• Article
    Magmatic and tectonic extension at mid-ocean ridges : 1. Controls on fault characteristics
    (American Geophysical Union, 2008-08-02) Behn, Mark D. ; Ito, Garrett T.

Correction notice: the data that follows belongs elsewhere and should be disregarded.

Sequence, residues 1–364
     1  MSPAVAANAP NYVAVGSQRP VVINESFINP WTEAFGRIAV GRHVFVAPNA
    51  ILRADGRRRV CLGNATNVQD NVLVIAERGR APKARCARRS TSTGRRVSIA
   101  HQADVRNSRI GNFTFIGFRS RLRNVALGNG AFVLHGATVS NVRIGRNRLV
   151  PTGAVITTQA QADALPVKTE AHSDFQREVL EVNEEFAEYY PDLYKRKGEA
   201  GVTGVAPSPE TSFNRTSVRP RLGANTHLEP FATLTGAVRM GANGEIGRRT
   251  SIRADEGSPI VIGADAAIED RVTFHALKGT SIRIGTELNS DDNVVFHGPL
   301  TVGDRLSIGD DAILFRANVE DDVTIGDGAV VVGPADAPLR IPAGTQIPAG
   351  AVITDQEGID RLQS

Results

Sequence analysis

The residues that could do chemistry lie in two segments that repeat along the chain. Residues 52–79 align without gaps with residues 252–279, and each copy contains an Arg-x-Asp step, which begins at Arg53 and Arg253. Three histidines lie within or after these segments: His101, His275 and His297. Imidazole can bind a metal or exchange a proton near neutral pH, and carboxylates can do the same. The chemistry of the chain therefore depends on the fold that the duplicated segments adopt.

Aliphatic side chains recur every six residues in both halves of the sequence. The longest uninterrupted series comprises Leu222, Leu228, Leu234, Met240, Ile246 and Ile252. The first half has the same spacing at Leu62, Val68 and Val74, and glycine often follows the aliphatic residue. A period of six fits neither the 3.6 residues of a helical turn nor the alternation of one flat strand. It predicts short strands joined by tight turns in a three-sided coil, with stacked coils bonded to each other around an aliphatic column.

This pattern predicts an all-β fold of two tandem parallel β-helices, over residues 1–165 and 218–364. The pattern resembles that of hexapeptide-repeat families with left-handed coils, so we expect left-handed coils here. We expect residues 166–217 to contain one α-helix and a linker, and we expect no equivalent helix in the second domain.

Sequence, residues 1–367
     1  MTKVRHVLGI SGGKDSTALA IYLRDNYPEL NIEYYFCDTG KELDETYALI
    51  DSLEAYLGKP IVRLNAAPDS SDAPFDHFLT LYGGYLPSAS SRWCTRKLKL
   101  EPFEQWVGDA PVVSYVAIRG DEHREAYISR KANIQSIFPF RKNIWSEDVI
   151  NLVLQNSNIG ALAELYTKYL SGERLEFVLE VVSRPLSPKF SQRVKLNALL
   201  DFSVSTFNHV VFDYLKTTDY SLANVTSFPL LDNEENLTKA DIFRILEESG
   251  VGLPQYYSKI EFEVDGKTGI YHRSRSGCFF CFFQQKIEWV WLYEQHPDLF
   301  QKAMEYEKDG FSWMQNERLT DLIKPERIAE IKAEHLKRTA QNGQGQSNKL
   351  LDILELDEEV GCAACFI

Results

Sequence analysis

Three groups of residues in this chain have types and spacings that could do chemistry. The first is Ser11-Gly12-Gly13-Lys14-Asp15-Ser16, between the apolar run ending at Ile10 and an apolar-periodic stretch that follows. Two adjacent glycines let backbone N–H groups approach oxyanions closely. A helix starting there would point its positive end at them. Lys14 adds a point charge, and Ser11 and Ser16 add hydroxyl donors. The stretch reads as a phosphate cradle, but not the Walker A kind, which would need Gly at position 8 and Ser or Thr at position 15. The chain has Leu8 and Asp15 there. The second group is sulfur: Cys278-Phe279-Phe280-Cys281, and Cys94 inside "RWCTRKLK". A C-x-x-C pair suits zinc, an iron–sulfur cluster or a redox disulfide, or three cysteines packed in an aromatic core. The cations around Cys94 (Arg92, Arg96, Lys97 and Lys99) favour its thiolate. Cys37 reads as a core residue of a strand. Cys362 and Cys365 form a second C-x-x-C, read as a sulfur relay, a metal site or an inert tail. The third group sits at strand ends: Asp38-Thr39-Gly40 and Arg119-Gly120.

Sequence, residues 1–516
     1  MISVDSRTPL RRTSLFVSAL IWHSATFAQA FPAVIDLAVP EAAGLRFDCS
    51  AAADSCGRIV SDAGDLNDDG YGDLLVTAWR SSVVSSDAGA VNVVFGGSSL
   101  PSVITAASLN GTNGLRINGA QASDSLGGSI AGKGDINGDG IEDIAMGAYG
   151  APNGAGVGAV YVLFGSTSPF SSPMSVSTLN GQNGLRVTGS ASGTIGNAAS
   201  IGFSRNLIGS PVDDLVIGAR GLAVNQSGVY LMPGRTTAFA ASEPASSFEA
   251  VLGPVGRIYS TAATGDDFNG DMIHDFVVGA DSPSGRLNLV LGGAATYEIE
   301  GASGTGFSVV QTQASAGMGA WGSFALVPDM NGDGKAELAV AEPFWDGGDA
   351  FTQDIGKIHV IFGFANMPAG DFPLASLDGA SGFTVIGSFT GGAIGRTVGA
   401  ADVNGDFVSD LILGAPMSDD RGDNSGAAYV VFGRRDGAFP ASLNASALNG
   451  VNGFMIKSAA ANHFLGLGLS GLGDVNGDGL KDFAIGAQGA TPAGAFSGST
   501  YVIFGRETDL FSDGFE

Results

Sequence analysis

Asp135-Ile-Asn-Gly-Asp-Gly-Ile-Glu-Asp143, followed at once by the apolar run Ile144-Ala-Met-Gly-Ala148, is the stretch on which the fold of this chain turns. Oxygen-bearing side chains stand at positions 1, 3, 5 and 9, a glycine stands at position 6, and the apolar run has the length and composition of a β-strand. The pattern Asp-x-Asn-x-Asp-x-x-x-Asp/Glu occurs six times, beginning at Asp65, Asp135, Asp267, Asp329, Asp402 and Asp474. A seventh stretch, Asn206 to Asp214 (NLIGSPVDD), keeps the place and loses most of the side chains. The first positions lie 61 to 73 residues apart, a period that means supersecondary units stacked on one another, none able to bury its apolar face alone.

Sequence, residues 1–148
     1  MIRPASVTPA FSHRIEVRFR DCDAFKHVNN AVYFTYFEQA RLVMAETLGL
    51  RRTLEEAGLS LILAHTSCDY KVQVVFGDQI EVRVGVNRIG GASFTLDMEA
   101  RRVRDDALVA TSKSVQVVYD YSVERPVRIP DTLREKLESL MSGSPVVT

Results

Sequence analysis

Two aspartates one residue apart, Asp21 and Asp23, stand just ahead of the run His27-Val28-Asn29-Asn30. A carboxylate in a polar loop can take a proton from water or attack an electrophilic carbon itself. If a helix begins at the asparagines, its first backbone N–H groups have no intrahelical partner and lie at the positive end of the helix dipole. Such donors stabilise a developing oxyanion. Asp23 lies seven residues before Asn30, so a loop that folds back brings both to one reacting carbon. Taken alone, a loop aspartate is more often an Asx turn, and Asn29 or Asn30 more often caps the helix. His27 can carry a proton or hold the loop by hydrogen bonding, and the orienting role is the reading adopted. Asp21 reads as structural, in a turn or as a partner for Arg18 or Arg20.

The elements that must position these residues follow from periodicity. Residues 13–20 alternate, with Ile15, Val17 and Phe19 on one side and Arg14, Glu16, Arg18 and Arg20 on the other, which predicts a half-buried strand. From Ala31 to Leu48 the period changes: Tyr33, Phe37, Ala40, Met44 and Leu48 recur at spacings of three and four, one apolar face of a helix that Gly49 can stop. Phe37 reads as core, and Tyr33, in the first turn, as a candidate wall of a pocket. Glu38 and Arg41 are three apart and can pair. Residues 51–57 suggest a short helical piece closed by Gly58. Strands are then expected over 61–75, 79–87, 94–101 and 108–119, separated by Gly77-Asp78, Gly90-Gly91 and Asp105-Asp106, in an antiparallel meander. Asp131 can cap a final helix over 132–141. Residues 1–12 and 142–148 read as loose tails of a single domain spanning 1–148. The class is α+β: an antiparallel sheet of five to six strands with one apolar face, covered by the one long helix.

We use 2-D numerical models to explore the thermal and mechanical effects of magma intrusion on fault initiation and growth at slow and intermediate spreading ridges. Magma intrusion is simulated by widening a vertical column of model elements located within the lithosphere at a rate equal to a fraction, M, of the total spreading rate (i.e., M = 1 for fully magmatic spreading). Heat is added in proportion to the rate of intrusion to simulate the thermal effects of magma crystallization and the injection of hot magma into the crust. We examine a range of intrusion rates and axial thermal structures by varying M, spreading rate, and the efficiency of crustal cooling by conduction and hydrothermal circulation. Fault development proceeds in a sequential manner, with deformation focused on a single active normal fault whose location alternates between the two sides of the ridge axis. Fault spacing and heave are primarily sensitive to M and secondarily sensitive to axial lithosphere thickness and the rate that the lithosphere thickens with distance from the axis. Contrary to what is often cited in the literature, but consistent with prior results of mechanical modeling, we find that thicker axial lithosphere tends to reduce fault spacing and heave. In addition, fault spacing and heave are predicted to increase with decreasing rates of off-axis lithospheric thickening. The combination of low M, particularly when M approaches 0.5, as well as a reduced rate of off-axis lithospheric thickening produces long-lived, large-offset faults, similar to oceanic core complexes. Such long-lived faults produce a highly asymmetric axial thermal structure, with thinner lithosphere on the side with the active fault. This across-axis variation in thermal structure may tend to stabilize the active fault for longer periods of time and could concentrate hydrothermal circulation in the footwall of oceanic core complexes.